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I read many resources on garbage collecting where they explained different algorithm. However, I didn't find any explaining the representation of the graph object.

My idea is quite simple : an oriented graph where vertex represent allocated memory block (on heap) and the edges the owner relationship. Example : Consider 2 memory blocks m1 and m2, if m1 contains reference to a block inside m2 then add an edge (m1, m2). These edges are weighted with the number of references to m2 that m1 contains (here just 1). Finally I've got a "virtual" memory vertex representing the stack, call it M0. Every Mi reachable from M0 mustn't be garbage collected.

Okay, now consider you want to add a memory block to the graph. If we keep the vertices inside a set, then the complexity of adding a memory block should be of O(log(n)). First question : Can we do better ?

Idem for deleting.

Now, I'm asked to use this algorithm with a reference counting mechanism in C++ (shared_ptr). Firstly, is the reference counter isn't redundant with the in-degree of a vertex ?

Secondly, the key idea is to use the best of the reference counter (O(1) deleting/adding) with the best of the garbage collector algorithm (cleaning reference cycles), but is the overhead of adding/deleting each node in the object graph isn't a bit non-efficient ?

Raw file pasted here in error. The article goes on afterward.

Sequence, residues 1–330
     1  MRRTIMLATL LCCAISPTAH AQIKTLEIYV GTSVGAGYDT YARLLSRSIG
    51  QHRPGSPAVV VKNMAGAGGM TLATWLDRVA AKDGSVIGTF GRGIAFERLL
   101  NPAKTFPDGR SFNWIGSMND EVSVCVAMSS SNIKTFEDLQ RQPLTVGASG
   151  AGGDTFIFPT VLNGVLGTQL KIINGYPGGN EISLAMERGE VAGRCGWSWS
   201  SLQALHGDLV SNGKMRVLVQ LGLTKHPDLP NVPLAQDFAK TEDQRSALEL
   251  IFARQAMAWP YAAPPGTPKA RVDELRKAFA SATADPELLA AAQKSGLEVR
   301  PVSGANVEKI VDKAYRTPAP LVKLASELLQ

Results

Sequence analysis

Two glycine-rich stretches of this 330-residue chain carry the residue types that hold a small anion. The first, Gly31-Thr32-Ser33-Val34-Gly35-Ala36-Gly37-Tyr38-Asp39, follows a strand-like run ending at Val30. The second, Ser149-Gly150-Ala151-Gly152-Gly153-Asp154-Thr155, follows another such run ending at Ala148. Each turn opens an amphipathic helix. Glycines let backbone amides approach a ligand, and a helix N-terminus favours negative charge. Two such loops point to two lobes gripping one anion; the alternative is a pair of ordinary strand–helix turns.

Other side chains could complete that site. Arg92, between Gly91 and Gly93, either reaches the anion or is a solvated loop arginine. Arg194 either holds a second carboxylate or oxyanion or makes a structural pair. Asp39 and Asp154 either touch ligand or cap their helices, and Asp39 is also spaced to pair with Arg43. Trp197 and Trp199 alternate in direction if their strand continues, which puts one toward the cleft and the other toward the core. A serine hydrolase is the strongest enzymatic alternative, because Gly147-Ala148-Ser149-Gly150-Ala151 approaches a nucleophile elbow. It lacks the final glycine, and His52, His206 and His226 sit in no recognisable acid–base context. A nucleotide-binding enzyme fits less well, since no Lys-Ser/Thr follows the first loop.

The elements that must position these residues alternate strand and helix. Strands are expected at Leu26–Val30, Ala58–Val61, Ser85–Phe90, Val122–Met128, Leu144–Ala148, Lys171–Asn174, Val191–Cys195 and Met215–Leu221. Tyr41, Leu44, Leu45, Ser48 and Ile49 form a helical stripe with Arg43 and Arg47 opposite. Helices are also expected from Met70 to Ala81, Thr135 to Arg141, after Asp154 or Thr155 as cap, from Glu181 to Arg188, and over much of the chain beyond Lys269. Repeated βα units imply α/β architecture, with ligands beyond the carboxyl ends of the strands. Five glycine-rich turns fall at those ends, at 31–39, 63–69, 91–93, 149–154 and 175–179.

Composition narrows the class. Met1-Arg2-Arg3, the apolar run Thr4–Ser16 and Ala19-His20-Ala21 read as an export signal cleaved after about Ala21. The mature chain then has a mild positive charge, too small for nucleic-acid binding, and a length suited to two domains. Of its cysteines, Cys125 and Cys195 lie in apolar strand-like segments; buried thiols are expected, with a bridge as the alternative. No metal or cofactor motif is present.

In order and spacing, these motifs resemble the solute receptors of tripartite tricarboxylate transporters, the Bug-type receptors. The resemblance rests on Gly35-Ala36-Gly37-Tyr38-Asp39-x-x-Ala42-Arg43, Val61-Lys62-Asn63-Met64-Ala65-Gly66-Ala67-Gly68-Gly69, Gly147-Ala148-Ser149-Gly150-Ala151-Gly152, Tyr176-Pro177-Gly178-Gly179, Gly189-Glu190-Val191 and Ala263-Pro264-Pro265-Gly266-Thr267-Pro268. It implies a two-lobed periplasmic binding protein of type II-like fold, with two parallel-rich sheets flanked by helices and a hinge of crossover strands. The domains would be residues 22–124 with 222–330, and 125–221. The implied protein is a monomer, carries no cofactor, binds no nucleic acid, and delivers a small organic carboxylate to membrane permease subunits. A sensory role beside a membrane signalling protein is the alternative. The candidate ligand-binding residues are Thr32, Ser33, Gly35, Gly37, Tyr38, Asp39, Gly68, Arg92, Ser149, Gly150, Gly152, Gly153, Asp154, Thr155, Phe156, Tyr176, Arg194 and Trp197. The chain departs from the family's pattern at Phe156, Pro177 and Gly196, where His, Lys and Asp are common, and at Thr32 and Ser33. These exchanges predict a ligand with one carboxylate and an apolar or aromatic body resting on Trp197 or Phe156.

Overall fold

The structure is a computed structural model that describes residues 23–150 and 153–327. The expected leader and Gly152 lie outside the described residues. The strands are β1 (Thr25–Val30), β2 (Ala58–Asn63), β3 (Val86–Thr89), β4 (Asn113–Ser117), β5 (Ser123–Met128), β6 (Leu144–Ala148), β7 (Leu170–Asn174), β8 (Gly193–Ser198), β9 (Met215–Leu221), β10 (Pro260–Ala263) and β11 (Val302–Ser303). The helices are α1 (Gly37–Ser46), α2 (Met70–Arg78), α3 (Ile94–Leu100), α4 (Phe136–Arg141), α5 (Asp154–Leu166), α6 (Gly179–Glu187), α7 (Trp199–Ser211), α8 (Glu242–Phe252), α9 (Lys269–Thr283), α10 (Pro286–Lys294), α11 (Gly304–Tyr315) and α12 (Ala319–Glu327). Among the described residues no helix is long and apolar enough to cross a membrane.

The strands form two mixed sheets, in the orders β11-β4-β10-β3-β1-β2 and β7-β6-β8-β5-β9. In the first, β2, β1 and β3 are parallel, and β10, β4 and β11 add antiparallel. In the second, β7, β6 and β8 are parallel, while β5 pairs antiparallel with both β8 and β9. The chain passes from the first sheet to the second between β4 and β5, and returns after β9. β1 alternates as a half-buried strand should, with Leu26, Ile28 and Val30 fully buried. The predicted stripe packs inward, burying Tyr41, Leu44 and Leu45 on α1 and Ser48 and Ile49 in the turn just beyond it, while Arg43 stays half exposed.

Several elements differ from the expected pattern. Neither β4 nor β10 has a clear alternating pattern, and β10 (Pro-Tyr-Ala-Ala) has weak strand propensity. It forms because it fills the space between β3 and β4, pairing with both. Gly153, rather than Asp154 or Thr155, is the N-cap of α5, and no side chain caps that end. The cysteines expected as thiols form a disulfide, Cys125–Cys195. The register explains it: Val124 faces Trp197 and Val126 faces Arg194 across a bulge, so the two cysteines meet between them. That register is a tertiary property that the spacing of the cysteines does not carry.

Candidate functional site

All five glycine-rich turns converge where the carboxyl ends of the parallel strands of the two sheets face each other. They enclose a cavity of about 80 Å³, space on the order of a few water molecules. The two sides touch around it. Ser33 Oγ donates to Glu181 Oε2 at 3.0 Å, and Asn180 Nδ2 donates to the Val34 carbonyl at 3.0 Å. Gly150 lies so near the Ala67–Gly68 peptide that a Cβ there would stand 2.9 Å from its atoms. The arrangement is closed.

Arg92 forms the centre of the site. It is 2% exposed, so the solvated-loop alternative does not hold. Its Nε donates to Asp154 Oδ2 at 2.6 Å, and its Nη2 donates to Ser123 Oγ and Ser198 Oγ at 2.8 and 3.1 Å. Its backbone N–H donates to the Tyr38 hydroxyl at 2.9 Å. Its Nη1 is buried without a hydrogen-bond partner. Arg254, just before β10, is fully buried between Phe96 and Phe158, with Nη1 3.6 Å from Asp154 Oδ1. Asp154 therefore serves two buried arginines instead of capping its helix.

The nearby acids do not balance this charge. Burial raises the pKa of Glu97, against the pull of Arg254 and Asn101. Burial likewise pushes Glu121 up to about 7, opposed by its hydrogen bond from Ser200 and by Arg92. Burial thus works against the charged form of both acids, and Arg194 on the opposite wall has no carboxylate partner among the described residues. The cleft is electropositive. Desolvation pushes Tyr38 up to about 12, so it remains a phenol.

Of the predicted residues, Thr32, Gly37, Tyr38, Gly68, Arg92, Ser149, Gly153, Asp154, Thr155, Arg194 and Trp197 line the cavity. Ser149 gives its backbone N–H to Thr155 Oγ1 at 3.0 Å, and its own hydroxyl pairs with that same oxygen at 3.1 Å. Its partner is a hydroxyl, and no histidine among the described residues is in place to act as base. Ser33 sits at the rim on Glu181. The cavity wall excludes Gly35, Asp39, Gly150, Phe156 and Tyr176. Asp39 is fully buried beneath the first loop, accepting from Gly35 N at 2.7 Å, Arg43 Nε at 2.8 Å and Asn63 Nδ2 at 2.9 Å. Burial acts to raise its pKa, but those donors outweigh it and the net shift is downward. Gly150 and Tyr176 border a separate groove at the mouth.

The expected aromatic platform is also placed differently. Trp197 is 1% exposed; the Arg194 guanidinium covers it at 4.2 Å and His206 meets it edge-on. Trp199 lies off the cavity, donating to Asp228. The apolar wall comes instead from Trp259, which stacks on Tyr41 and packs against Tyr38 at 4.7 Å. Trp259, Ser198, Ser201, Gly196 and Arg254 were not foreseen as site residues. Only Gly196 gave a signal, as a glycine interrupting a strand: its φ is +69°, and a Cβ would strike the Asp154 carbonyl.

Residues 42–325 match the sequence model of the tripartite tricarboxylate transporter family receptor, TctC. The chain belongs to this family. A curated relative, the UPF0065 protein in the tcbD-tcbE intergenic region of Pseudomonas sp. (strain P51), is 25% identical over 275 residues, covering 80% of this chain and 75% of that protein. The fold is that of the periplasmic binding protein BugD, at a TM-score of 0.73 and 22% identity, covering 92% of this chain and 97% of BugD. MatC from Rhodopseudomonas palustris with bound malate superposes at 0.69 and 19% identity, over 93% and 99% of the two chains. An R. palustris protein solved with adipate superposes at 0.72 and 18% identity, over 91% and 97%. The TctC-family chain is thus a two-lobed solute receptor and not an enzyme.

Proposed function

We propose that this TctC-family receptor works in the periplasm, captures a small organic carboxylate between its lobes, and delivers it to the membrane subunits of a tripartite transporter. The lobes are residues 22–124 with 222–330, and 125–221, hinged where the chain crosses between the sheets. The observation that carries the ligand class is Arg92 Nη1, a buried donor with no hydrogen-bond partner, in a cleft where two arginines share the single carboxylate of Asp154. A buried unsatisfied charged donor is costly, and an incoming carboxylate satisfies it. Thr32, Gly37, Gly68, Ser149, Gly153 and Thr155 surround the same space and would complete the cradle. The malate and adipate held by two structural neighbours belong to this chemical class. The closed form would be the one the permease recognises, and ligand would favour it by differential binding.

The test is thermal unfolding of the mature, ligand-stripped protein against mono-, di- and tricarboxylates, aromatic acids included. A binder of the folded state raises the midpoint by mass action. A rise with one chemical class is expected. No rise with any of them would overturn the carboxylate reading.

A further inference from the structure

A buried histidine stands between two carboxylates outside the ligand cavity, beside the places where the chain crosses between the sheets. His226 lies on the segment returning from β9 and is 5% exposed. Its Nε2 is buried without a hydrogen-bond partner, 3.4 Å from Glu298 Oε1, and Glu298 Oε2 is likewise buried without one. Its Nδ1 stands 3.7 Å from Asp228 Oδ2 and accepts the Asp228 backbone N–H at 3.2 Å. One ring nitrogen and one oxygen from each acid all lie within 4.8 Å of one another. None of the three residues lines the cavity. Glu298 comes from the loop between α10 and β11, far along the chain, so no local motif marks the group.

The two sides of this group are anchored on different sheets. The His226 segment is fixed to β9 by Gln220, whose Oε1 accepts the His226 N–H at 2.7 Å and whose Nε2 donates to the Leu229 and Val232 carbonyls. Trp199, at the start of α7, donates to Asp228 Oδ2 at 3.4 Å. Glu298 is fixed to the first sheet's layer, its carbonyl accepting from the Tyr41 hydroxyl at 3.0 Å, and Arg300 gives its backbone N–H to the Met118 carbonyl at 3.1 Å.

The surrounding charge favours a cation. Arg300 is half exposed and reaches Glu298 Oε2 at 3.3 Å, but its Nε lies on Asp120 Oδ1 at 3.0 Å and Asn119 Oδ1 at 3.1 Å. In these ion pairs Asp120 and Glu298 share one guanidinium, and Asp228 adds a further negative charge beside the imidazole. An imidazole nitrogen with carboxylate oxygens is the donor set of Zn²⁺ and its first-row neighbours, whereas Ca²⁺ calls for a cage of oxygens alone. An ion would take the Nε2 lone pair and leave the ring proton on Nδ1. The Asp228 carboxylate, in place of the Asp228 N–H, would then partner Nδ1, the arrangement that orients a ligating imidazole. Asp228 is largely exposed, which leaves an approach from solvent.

What are the complexities of adding/removing in known garbage collector (java / C# / …) ?

Thanks !

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1 Answer 1

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Well... your premise is off. Known garbage collectors don't maintain much state actually, at most a couple bits per object and some structure but that's it. Instead, they build up some state at each collection pass and let it die at the end of the pass. This way, they need little (to no) instrumentation of the ownership relationships.

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Imagine implementing a garbage in C++, you can't query the stack neither the heap to ask the addresses of the objects actually used. But maybe, it's a good idea to have a linked list (O(1) insertion/removal) and to build the graph only when needed. –  Pierre T. Apr 7 '13 at 14:36
@PierreT.: Actually, if you look at the Boehm Garbage Collector you will realize it does scan the stack/heap, and just treats any possible pointer-sized, pointer-aligned set of bytes as a possible pointer (does not work well in 32-bits). In C++11, some facilities were even introduced to support this approach, if you look at the <memory> header, you'll see things like std::declare_no_pointers to declare that an area of memory does not contain pointers (for example)... –  Matthieu M. Apr 7 '13 at 15:54
... You can also look at LLVM intrinsics, such as llvm.gcroot. –  Matthieu M. Apr 7 '13 at 15:55
However, I read that the conservative garbage collectors can miss-scan addresses. I also read that there isn't any portable ways to scan the heap/stack in C/C++. –  Pierre T. Apr 7 '13 at 16:13
@PierreT. That's true. Scanning the stack is highly platform-specific, and without a lot of metadata and restrictions (generally not present in C and C++) you also can't reliably identify pointers, so you have to assume that everything that might be a pointer from the raw bytes actually is a pointer. This may, for example accidentally keep alive objects. Also, if the code does hacks like xoring pointers (cf. XOR Linked list), the GC doesn't stand a chance. Scanning the raw memory is also hard, though AFAIK not quite as platform-specific. –  delnan Apr 7 '13 at 16:45

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